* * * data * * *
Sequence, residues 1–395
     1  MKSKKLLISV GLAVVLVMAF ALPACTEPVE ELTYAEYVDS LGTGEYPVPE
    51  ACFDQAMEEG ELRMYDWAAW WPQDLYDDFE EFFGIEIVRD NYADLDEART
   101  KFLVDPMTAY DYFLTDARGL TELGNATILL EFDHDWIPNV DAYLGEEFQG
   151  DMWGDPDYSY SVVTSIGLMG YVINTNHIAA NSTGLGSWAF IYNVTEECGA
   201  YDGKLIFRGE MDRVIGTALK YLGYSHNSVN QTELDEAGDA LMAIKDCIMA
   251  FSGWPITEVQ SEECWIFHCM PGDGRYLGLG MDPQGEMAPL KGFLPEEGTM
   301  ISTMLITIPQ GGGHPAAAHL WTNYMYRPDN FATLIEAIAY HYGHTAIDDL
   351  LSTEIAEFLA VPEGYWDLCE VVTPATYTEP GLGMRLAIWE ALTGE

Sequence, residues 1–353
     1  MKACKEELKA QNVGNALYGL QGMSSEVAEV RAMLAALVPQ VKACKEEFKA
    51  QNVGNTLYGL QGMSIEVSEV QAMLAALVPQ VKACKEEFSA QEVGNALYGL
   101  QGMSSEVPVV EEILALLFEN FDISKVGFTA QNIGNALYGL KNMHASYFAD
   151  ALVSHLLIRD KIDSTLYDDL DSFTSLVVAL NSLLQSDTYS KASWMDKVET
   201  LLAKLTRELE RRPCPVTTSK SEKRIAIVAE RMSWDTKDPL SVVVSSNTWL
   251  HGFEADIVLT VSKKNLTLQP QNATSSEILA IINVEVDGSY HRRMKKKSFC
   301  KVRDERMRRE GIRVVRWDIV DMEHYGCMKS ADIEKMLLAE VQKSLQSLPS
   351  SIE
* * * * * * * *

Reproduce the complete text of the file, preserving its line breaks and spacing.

Sequence, residues 1–395
     1  MKSKKLLISV GLAVVLVMAF ALPACTEPVE ELTYAEYVDS LGTGEYPVPE
    51  ACFDQAMEEG ELRMYDWAAW WPQDLYDDFE EFFGIEIVRD NYADLDEART
   101  KFLVDPMTAY DYFLTDARGL TELGNATILL EFDHDWIPNV DAYLGEEFQG
   151  DMWGDPDYSY SVVTSIGLMG YVINTNHIAA NSTGLGSWAF IYNVTEECGA
   201  YDGKLIFRGE MDRVIGTALK YLGYSHNSVN QTELDEAGDA LMAIKDCIMA
   251  FSGWPITEVQ SEECWIFHCM PGDGRYLGLG MDPQGEMAPL KGFLPEEGTM
   301  ISTMLITIPQ GGGHPAAAHL WTNYMYRPDN FATLIEAIAY HYGHTAIDDL
   351  LSTEIAEFLA VPEGYWDLCE VVTPATYTEP GLGMRLAIWE ALTGE

Sequence, residues 1–353
     1  MKACKEELKA QNVGNALYGL QGMSSEVAEV RAMLAALVPQ VKACKEEFKA
    51  QNVGNTLYGL QGMSIEVSEV QAMLAALVPQ VKACKEEFSA QEVGNALYGL
   101  QGMSSEVPVV EEILALLFEN FDISKVGFTA QNIGNALYGL KNMHASYFAD
   151  ALVSHLLIRD KIDSTLYDDL DSFTSLVVAL NSLLQSDTYS KASWMDKVET
   201  LLAKLTRELE RRPCPVTTSK SEKRIAIVAE RMSWDTKDPL SVVVSSNTWL
   251  HGFEADIVLT VSKKNLTLQP QNATSSEILA IINVEVDGSY HRRMKKKSFC
   301  KVRDERMRRE GIRVVRWDIV DMEHYGCMKS ADIEKMLLAE VQKSLQSLPS
   351  SIE